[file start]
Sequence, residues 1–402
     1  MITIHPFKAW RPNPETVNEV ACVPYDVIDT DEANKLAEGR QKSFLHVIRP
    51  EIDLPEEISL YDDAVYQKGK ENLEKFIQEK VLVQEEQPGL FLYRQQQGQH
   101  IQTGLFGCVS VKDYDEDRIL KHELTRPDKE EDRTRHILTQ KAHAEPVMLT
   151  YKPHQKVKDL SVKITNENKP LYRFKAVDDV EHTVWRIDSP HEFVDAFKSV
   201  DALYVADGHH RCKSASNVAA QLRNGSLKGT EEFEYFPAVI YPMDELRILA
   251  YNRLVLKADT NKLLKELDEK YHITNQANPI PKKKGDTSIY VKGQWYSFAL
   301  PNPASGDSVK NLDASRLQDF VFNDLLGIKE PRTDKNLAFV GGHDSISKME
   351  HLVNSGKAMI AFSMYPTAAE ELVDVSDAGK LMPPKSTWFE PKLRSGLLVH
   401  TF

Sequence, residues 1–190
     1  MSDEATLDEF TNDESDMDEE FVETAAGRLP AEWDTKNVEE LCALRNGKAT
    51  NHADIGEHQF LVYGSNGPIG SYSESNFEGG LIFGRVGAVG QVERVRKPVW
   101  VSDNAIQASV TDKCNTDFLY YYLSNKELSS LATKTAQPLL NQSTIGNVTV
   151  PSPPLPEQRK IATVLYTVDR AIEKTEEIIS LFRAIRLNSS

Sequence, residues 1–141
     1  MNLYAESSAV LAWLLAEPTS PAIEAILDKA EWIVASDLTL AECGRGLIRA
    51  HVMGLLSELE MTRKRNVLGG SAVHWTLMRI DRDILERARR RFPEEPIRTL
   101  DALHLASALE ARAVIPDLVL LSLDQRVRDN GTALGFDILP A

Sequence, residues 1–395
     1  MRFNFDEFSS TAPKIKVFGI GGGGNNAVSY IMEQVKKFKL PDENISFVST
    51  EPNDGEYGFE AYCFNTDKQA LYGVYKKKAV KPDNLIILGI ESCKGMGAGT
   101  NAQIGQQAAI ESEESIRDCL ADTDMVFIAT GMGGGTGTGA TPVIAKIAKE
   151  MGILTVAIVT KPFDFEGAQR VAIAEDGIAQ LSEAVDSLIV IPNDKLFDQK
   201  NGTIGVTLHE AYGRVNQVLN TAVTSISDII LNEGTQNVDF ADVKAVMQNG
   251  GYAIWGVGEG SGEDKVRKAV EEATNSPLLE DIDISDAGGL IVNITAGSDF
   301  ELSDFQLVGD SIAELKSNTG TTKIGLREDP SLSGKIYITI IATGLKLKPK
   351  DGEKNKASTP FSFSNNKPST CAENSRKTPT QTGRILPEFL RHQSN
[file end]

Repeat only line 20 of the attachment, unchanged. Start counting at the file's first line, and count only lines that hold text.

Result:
Sequence, residues 1–395